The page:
After three years, I took the state exam, got my graduation papers, and became a pastry cook. Not a chef. Kids today think they can be a chef in six months. No, it takes ten to fifteen years to become a chef, and your salary is only enough to live on. My first job as a pastry cook was in the same city. I worked for a bigger place, a volume shop. For example, on Sundays we got to work at 1:00 AM. We made croissants, thirty-five hundred of them, for the local hotels and other businesses. From there I decided to go to Paris. I found a job in the center of the city, working in a restaurant with a pastry shop. I learned some new things, but I soon grew bored and started to research where to go next. The executive chef suggested I go to Germany and learn to work with marzipan. In Germany they know how to make beautiful decorations.
I was seventeen and didn’t speak a word of German. But I left my job, my home—I had nothing—and boarded a train for Germany. I knocked on the door of a big, beautiful shop in Hannover and tried to convince them to hire me. It was hard to communicate, but soon I found a translator and that helped. I worked at that shop for one year. I learned to make chocolate candies, German pastries, ice cream, and I got a lot of new recipes. After that, I went to Hamburg, to a family business. There I learned to make different kinds of German pastries. But more important, I learned to be precise. I learned to work fast, to be spotlessly clean, and to do what I was told. No one was allowed to be cocky or they were kicked out. In the first six months of being in Germany, I learned the language and how to read and write it. I knew then that speaking several languages would be important in my career.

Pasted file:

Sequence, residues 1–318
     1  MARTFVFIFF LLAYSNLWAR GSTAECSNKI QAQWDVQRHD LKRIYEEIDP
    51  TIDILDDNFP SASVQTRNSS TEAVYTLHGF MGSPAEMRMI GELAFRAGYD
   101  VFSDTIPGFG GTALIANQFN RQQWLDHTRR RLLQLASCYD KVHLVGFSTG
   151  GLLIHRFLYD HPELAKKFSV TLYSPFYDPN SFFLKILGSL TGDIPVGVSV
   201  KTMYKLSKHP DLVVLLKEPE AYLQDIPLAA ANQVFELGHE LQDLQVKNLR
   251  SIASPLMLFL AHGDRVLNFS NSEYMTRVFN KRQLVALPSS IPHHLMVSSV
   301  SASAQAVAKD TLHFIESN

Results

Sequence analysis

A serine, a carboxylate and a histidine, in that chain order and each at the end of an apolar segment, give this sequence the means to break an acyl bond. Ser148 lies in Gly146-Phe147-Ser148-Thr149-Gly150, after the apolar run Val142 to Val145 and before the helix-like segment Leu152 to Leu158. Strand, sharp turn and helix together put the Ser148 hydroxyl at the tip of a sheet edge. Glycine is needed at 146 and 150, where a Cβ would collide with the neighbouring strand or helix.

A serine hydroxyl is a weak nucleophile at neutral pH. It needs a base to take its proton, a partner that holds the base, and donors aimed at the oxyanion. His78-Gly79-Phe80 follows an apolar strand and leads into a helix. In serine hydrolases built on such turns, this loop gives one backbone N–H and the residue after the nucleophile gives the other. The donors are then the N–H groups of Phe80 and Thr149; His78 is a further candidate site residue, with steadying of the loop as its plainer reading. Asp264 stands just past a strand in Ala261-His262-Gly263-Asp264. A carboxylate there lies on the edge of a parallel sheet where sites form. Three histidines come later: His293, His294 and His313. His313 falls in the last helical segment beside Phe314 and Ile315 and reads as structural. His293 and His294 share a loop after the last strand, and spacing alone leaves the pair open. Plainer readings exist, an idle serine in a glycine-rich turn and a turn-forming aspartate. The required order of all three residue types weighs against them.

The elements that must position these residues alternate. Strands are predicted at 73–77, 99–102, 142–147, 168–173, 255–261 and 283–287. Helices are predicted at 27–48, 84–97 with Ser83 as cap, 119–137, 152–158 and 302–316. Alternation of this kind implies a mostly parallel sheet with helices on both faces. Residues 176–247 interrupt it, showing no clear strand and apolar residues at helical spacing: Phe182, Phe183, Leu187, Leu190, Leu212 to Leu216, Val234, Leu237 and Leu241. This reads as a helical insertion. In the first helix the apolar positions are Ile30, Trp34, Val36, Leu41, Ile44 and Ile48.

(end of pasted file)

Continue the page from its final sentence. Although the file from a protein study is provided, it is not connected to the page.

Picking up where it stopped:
At eighteen I returned to France to fulfill my mandatory military service. I was in charge of guns and ammunition and new-recruit uniforms. All the while I was in the service, I was investigating where to go next. I wanted to work in a spectacular place. I chose the Savoy Hotel in London. At the time, it was number one in the world. I wrote letters to the chefs asking for a job. They said, “NO!” I wrote again. They said, “No, no.” I tried again, and finally they said yes. It was a huge coup for me, and I got it on my own, no recommendations from anyone. You must make things happen for yourself. Don’t rely on others. If you want it to happen, open the doors and do it yourself. By the time my service was over, I had all the paperwork done, including my work visa. I left the military on December 22 and arrived at the Savoy on December 28. I was the assistant pastry chef at the Savoy. While there, I learned English, but most important, I learned what perfection meant. Everything at the Savoy had to be absolutely perfect. I was there for two years.